Diederik van Hoogstraten

Diederik van Hoogstraten is a writer in Los Angeles, covering Hollywood.

A Brutal Western With a Heart

 

Good actors show up in terrible films. This year’s The Leisure Seeker is an example: the great Helen Mirren works with a sublimely bad script and the resulting Very Ill Senior Citizen comedy is utterly unwatchable. Bad actors sometimes show up in good films. It’s rare. But think of the appealing yet modestly talented Vin […]

Continue Reading

Beauty and the Beast for Adults

 

The voice of Sally Hawkins is appealingly clear. Just last year she hummed and muttered her way through the overlooked indy Maude. So seeing this English actress shine in a film without saying a word is, to say the least, odd. It is true, though: The British actress doesn’t speak in The Shape of Water, […]

Continue Reading

Rejecting Victimhood

 

The waves of the Pacific Ocean can be mesmerizing, providing solace and peace and, for surfers, excitement — a welcome counterpoint to the noise of Southern California’s daily grind. The Mason family seems to be looking for this sort peace when they move from Michigan to Palos Verdes, a wealthy enclave along the rocky coast […]

Continue Reading

Redemption Is Possible, for Countries and Kids

 

Films about race and racism can be important. They’re also difficult to make. Witness Nate Parker’s Birth of a Nation, which failed last year to convince moviegoers and award voters. Now, 2017 has been a better year for the genre. The dark and brilliant satire/suspense/horror/social commentary Get Out — it is not easy to categorize […]

Continue Reading

A Need for Vengeance

 

Frances McDormand is a force. It’s something in the actress’s voice, her eyes, her sense of humor and her quiet charisma. Look at her, engage with her character, and you are off on a trip. That’s certainly true for her role in Three Billboards Outside Edding, Missouri, a weird, wild, very good movie written and […]

Continue Reading

The Pain of Fathers and Daughters

 

Steve Carell has often said the way to deal with hardship is through humor. The man we know from The Office certainly knows how to make you laugh, but those projects were hardly serious or painful, setting aside the famous chest wax in The 40-Year-Old Virgin. As the title suggests, Last Flag Flying is no […]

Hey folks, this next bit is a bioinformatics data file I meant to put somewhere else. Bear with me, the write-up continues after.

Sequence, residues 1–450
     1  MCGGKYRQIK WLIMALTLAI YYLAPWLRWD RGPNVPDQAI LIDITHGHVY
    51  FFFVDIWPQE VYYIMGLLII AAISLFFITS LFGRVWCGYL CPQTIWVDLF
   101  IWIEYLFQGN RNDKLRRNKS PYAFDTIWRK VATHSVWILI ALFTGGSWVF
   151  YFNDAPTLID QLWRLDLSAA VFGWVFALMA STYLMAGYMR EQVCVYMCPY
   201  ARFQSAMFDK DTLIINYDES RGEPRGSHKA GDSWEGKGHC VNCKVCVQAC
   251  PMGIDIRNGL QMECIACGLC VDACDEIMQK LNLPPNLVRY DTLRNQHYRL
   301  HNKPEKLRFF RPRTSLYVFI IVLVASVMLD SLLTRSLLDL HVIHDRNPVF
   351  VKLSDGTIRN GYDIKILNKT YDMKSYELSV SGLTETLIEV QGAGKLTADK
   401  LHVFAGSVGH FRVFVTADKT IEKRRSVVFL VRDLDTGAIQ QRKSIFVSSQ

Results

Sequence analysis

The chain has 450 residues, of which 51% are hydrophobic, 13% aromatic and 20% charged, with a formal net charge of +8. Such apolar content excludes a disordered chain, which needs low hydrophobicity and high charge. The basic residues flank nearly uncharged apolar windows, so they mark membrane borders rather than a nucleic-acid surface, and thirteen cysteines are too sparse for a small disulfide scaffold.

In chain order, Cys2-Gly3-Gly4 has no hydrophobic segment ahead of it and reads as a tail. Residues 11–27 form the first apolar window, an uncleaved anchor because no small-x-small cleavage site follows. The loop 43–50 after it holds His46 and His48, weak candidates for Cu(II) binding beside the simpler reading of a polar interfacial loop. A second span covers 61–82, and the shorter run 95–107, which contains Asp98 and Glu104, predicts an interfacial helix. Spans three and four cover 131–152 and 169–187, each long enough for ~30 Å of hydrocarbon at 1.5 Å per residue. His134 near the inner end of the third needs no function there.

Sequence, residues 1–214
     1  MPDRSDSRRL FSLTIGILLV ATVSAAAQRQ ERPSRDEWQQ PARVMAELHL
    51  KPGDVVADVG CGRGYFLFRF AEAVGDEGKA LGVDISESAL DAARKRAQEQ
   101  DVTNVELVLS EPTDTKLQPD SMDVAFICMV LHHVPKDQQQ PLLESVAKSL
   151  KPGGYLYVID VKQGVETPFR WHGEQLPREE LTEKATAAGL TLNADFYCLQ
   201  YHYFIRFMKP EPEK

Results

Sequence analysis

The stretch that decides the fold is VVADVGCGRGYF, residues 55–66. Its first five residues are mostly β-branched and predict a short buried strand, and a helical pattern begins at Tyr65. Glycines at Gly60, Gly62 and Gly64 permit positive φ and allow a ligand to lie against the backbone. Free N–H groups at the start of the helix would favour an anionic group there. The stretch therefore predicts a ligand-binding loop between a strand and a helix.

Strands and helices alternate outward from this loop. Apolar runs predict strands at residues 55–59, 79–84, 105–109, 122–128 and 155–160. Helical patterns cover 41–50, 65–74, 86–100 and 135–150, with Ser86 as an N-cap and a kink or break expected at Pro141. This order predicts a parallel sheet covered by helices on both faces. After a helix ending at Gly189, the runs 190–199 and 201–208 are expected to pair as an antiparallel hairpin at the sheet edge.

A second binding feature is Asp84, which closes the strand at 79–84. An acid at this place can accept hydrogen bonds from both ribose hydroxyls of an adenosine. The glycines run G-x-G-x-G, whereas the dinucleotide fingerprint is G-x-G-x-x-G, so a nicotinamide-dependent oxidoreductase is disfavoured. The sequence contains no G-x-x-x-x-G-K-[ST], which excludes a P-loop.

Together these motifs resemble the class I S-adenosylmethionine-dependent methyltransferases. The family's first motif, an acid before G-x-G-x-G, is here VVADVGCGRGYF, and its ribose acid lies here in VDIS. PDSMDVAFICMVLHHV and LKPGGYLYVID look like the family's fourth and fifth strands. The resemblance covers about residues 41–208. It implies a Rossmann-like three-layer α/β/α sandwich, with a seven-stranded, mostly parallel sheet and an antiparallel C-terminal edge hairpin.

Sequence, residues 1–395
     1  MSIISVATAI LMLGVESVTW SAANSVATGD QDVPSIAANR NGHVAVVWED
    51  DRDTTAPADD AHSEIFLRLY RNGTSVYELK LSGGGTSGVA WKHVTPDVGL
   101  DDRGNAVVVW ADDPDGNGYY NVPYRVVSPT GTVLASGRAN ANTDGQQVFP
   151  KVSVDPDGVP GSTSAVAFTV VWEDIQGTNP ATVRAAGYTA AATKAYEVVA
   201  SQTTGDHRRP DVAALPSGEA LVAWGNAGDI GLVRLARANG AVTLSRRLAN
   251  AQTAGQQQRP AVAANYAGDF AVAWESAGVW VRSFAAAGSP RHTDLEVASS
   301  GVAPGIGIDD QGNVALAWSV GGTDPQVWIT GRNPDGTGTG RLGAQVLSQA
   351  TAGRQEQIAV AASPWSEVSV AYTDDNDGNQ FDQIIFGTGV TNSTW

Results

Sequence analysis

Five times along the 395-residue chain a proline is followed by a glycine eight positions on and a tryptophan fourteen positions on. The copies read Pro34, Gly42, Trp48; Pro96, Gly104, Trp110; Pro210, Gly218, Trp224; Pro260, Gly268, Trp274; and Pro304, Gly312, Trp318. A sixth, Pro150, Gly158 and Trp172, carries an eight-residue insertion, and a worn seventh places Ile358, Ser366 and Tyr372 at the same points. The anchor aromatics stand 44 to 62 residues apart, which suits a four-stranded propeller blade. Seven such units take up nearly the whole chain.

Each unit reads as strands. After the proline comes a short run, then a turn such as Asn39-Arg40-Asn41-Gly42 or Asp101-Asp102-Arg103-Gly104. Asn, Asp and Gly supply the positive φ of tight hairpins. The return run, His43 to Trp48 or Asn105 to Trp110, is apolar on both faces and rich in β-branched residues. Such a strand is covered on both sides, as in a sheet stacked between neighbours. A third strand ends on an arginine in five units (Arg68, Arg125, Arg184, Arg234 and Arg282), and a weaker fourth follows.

Continue Reading

Some of the Young Embrace God and Country

 

Growing up with a Protestant minister for a father, I learned very little about Catholicism. I knew Christianity — the Dutch-reformed kind. Catholics? We didn’t like them and, supposedly, we weren’t like them. Now some of my best friends are Catholics. But as I write about a deeply Catholic film I know that I know […]

Continue Reading

‘Only the Brave’ — Running Into the Danger

 

The towers burned, the city was in a panic. Most of us fled as smoke and fear filled the air. Still, a small group of men and women moved toward the danger. It was September 11, 2001, when new generations, raised without war or imminent threats, became acutely aware what heroes do: the opposite of […]

Continue Reading

How to Look at Important Historical Men

 

Before I talk about the drama Marshall, a moment to catch up on a film that has been in theaters for a week. Loving Vincent tells a crime story of sorts about the death of my Dutch compatriot, the painter Vincent van Gogh, in a small French village in 1890. It is not the most […]

Continue Reading

Stuck With Each Other and a Dog

 

We are a nation of dog lovers. America houses 78 million canines, almost half of all households have a dog. As the companion of an insanely energetic, loving Vizsla named Charlie I’m partial to them, so to me this love of dogs confirms we inhabit the greatest country on the planet. The new survival drama/outdoor […]

Continue Reading





Send this to a friend